In his article “The Worsening Human Rights Situation in Hong Kong and the Response of the International Community,” Toru Kurata provides a basic overview of the current human rights situation in Hong Kong and shows how pro-democracy organizations and movements were suppressed in the aftermath of the 2020 National Security Law. Kurata analyzes three tools that the United States, Japan, and the rest of the international community can use to respond to China: sanctions, support for various initiatives to promote democratization of Hong Kong, and counter propaganda. Although the United States and Japan have different capacities for implementing these three measures, especially in relation to sanctions, Kurata argues for a coordinated approach to respond to the situation in Hong Kong. [link to article]

Jun Kumakura argues in his article “The Xinjiang Issue” that the United States and Japan should develop a common baseline understanding of the current situation in Xinjiang to promote better coordination of their policy responses. Kumakura outlines that while the American public has shown bipartisan support for protecting human rights in Xinjiang, public opinion in Japan is more complicated and can be influenced by American as well as Chinese views. In Japan, the human rights situation in Xinjiang is also sometimes used as a political tool by right-wing groups to vilify China, while the rest of the population, including left-leaning individuals, are sometimes skeptical of the American accusation of genocide in the region. To bridge this gap, Kumakura urges more substantive information sharing between the two countries. [link to article]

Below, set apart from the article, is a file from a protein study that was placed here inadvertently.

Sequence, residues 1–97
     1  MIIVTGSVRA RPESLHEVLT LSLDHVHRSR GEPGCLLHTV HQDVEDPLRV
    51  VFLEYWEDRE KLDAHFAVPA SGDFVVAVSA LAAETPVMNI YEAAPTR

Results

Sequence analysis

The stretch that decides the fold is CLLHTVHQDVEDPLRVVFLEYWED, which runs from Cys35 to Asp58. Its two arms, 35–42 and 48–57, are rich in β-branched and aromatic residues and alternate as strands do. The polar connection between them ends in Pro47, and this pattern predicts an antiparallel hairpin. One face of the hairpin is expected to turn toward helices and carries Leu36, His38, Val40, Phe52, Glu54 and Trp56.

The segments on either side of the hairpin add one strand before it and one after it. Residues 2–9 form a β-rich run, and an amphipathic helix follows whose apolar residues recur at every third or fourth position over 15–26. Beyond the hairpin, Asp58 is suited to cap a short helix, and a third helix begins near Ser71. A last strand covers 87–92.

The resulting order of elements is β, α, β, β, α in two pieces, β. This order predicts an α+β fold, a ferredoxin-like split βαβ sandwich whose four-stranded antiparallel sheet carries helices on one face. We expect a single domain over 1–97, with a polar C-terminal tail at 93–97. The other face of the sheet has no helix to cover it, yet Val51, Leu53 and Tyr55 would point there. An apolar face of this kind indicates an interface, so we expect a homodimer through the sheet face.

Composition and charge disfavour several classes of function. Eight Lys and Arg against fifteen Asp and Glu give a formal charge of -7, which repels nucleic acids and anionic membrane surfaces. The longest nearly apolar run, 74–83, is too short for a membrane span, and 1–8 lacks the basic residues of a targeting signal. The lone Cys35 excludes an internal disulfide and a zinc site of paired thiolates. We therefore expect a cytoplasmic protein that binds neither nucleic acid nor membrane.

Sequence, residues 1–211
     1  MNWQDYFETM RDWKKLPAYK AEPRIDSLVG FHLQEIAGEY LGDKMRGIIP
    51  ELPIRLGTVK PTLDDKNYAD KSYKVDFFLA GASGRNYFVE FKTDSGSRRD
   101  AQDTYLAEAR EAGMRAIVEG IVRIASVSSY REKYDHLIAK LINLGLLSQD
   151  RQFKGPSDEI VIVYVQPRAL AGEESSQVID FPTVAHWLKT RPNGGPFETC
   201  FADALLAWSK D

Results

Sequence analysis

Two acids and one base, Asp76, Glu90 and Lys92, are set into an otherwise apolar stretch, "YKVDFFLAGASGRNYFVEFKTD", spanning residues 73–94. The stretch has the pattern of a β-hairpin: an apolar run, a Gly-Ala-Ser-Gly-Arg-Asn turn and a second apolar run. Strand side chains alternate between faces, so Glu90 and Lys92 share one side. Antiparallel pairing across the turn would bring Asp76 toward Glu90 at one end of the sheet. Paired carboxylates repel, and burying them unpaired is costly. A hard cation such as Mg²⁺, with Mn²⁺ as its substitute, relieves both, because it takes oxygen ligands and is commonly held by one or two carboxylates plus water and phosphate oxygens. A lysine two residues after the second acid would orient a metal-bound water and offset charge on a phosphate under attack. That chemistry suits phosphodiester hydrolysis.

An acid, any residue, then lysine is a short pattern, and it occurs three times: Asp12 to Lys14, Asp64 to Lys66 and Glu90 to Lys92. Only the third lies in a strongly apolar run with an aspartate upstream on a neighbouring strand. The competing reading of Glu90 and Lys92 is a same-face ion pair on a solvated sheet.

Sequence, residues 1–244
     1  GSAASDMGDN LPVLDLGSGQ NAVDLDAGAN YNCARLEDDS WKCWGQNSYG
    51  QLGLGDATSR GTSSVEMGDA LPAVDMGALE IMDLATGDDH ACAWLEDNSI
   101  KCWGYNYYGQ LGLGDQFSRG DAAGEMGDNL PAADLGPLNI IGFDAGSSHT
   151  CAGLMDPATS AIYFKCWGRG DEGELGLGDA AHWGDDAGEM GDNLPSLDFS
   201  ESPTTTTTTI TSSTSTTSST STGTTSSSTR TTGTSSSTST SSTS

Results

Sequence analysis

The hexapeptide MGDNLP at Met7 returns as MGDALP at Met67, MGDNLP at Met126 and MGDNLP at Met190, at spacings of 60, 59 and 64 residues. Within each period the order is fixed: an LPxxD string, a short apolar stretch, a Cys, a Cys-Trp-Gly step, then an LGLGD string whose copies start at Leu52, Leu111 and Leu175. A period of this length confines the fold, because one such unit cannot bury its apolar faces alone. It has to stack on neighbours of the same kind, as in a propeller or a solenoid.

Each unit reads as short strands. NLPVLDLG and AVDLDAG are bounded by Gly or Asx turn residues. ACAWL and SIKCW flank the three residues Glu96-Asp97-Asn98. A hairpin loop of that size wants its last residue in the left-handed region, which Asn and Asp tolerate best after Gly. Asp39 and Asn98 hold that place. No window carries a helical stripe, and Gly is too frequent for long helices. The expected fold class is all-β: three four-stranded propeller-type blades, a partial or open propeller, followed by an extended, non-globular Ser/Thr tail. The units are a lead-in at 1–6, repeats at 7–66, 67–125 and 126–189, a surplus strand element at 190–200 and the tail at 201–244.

Using the Summit for Democracy as a key milestone, Nicholas Szechenyi offers suggestions for the United States and Japan to coordinate on democracy building in his article titled “An Alliance for Democratic Governance.” Szechenyi argues that Japan is well positioned to support U.S. democracy efforts, given its extensive background in official development assistance and infrastructure building in Southeast Asia, as well as its strong relationship with countries around the world. He suggests that Japan and the United States should also work with allies such as Australia to shape international institutions in support of democratic principles and to express concerns about Chinese behavior. [link to article]